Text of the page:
Last Updated Projects in Technology Regulations
EU’s Disastrous Internet Law: What Happens Next?
In a stunning rejection of the will of five million online petitioners, and over 100,000 protestors this weekend, the European Parliament has abandoned common-sense and the advice of academics, technologists, and UN human rights experts, and approved the Copyright in the Digital Single Market Directive in its entirety. There’s now little that can stop these provisions from becoming the law of the land across Europe. The results will be drawn-out, and chaotic. Unlike EU Regulations like the GDPR, which become law on passage by the central EU institutions, EU Directives have to be transposed: written into each member country’s national law. Countries have until 2021 to transpose the Copyright Directive, but EU rarely keeps its members to that deadline, so it could take even longer. We can expect media and rightsholders to lobby for the most draconian possible national laws, then promptly march to the courts to extract fines whenever anyone online wanders over its fuzzy lines. The Directive is written so that any owner of copyrighted material can demand satisfaction from an Internet service, and we’ve already seen that the rightsholders are by no means united on what Big Tech should be doing. Whatever Internet companies and organizations do to comply with twenty-seven or more national laws – from dropping links to European news sites entirely, to upping their already over-sensitive filtering systems, or seeking to strike deals with key media conglomerates – will be challenged by one rightsholder faction or another.
Privacy Principles For A Modern National Regulatory Framework
There are a range of strong privacy, data security, consumer protection, and anti-discrimination laws that exist today. These include Section 5 of the FTC Act and the Clayton Act, as well as more than 15 other federal statutes and implementing regulations that are sector specific or relate to particular activities. Additionally, there are myriad state laws relating to privacy and data security, enforced by state attorneys general or private litigants, including state data breach notification statutes and unfair and deceptive acts and practices statutes; data security and encryption laws; and a variety of other privacy laws that relate to online privacy, social security numbers, and data brokers. Our member companies comply with these current laws as well as with self-regulatory principles and rules that govern how they operate and do business. However, this array of laws also creates a “patchwork” effect that complicate compliance efforts and lead to inconsistent experiences for individuals.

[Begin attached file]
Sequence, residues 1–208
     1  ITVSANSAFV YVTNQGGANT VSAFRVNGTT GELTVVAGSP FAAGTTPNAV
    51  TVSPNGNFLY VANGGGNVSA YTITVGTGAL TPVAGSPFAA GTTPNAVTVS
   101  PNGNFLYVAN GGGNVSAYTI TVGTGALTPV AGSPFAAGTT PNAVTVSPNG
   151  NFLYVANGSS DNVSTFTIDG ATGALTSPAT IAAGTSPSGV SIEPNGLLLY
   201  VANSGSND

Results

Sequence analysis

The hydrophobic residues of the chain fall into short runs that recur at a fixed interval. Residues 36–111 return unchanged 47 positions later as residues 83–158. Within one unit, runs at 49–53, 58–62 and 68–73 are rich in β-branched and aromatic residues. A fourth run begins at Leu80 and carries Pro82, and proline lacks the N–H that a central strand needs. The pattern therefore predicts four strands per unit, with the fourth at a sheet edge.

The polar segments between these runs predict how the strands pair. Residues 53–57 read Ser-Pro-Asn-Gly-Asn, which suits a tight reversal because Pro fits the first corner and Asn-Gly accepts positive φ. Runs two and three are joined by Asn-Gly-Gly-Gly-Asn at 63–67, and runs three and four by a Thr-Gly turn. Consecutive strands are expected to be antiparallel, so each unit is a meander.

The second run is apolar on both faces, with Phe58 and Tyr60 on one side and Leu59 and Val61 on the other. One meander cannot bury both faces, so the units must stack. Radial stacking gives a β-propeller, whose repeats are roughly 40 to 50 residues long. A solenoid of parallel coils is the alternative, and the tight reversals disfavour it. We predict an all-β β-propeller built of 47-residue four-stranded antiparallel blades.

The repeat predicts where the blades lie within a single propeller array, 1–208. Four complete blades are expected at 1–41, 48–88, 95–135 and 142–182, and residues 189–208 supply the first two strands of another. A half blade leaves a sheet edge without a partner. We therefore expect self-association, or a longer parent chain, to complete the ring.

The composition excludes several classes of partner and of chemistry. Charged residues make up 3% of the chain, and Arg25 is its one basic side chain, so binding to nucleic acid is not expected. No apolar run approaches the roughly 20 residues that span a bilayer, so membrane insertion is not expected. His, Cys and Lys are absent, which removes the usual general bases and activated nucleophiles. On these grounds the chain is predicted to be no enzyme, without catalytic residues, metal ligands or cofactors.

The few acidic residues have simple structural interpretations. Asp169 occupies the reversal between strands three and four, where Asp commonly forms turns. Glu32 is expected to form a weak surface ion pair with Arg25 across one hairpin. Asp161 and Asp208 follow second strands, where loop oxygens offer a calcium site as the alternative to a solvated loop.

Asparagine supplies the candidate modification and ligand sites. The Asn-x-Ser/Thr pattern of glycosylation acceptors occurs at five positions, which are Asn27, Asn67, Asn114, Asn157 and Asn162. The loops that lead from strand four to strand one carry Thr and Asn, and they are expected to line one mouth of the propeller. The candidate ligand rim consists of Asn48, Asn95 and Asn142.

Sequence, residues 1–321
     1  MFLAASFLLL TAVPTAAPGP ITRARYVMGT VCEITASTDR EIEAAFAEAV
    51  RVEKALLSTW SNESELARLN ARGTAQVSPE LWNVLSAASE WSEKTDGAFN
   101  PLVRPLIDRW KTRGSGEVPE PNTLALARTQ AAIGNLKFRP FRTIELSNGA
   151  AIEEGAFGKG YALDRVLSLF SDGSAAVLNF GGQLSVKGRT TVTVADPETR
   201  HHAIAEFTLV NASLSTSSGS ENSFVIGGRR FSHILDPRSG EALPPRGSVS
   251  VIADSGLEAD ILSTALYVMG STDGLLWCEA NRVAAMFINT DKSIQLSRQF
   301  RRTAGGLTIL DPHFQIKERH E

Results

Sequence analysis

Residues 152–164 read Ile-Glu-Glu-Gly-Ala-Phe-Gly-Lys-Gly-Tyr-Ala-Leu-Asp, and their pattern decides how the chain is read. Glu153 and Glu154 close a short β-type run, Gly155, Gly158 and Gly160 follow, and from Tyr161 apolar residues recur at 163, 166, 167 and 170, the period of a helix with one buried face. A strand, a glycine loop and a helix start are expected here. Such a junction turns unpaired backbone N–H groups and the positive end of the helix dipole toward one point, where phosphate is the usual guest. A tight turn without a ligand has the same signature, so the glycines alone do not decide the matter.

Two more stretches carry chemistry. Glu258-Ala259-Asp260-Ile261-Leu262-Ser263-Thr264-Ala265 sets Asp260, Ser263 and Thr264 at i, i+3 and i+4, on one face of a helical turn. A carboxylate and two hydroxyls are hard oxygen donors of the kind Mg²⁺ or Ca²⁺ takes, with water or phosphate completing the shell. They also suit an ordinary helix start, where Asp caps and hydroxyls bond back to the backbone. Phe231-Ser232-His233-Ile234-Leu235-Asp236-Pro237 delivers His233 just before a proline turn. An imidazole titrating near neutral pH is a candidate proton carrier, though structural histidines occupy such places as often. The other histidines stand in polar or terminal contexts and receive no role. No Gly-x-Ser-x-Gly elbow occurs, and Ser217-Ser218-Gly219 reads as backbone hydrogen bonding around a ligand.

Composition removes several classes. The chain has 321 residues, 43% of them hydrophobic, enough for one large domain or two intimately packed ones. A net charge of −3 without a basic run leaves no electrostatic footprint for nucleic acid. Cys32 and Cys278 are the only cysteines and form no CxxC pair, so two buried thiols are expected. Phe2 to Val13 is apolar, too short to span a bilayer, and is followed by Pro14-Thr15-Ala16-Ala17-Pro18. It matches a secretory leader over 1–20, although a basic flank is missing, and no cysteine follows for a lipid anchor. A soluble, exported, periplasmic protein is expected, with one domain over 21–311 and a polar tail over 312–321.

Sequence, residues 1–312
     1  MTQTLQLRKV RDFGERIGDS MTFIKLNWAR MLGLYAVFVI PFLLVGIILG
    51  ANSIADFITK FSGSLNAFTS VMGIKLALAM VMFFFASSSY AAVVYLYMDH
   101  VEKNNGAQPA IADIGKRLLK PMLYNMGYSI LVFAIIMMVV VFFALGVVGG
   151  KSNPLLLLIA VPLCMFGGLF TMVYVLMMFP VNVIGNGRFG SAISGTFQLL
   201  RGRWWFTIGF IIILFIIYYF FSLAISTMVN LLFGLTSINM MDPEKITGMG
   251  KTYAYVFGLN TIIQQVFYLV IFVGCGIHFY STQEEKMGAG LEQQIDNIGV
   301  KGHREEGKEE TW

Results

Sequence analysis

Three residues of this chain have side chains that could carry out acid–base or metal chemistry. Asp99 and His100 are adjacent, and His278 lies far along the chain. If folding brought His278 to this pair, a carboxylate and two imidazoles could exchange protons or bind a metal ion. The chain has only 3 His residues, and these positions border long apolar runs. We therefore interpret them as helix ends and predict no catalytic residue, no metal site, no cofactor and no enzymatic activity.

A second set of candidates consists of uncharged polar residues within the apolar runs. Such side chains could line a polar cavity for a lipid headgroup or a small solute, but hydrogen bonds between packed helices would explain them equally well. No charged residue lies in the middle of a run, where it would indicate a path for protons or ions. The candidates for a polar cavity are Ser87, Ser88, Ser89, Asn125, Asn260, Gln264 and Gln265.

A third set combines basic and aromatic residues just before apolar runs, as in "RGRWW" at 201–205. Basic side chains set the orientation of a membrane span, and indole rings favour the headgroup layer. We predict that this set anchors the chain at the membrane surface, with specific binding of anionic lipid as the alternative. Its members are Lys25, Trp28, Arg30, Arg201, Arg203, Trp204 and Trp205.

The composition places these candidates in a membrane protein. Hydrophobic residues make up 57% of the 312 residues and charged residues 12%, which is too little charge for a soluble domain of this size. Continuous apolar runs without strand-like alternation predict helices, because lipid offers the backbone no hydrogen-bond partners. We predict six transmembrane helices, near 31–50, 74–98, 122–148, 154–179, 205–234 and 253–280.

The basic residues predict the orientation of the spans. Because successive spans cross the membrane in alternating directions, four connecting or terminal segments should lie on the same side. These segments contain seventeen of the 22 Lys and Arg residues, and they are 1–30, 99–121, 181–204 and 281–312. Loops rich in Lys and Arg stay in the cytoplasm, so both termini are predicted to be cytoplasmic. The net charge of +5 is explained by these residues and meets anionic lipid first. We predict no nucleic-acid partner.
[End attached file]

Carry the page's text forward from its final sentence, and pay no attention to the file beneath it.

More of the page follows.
In the Matter of Rural Call Completion
The FCC's rural call completion data collection, reporting and retention requirements not only are ineffective at addressing alleged rural call completion problems, but also involve substantial compliance costs, and should accordingly be eliminated.
Chinese Cybersecurity Law Reform
82% American companies doing business in China are "somewhat or very concerned" at how the new data security regulations, which came into effect in June, could impact their business in the world's second-largest economy. Among the most contentious clauses is the new law's mandate requiring what it calls "network operators" and "critical information infrastructure operators" to submit to government security reviews, which some companies fear will involve turning over encryption keys to Beijing. China’s data policies disrupt communications between a company’s China facilities and its other global operations; stifle cross-border innovation; and increase costs by requiring the installation of duplicative IT infrastructure. Chinese and foreign companies are unable to use many innovative cloud computing solutions in China due to China’s overly restrictive licensing regime. These policies complicate the cost, efficiency, and information security considerations for both foreign and domestic company operations in Ch
Save Daily Fantasy Sports in Texas
The hundreds of thousands of Texans who play daily fantasy sports have their pastimes at risk. On January 19, 2016, Attorney General Abbott unilaterally issued an opinion letter declaring fantasy sports illegal under 47.02 of the Penal Code, misapprehending Texas law and showing a fundamental misunderstanding of the basic facts of DFS. Already, the state has forced out FanDuel, and many DraftKings players have withdrawn as well.
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